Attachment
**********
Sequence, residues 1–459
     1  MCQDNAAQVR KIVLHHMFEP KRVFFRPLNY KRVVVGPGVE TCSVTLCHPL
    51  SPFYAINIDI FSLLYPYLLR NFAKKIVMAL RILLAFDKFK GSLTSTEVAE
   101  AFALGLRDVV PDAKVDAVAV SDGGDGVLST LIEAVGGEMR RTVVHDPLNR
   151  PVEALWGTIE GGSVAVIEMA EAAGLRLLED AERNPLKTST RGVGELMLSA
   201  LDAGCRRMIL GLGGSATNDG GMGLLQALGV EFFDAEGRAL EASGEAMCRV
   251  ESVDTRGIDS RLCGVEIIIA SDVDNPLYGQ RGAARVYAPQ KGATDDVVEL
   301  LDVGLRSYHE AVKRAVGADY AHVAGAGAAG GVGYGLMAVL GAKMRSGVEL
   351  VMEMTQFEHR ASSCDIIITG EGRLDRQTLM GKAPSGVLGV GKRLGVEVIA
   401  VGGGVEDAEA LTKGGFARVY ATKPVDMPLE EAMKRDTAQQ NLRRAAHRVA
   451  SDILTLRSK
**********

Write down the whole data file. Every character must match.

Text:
Sequence, residues 1–459
     1  MCQDNAAQVR KIVLHHMFEP KRVFFRPLNY KRVVVGPGVE TCSVTLCHPL
    51  SPFYAINIDI FSLLYPYLLR NFAKKIVMAL RILLAFDKFK GSLTSTEVAE
   101  AFALGLRDVV PDAKVDAVAV SDGGDGVLST LIEAVGGEMR RTVVHDPLNR
   151  PVEALWGTIE GGSVAVIEMA EAAGLRLLED AERNPLKTST RGVGELMLSA
   201  LDAGCRRMIL GLGGSATNDG GMGLLQALGV EFFDAEGRAL EASGEAMCRV
   251  ESVDTRGIDS RLCGVEIIIA SDVDNPLYGQ RGAARVYAPQ KGATDDVVEL
   301  LDVGLRSYHE AVKRAVGADY AHVAGAGAAG GVGYGLMAVL GAKMRSGVEL
   351  VMEMTQFEHR ASSCDIIITG EGRLDRQTLM GKAPSGVLGV GKRLGVEVIA
   401  VGGGVEDAEA LTKGGFARVY ATKPVDMPLE EAMKRDTAQQ NLRRAAHRVA
   451  SDILTLRSK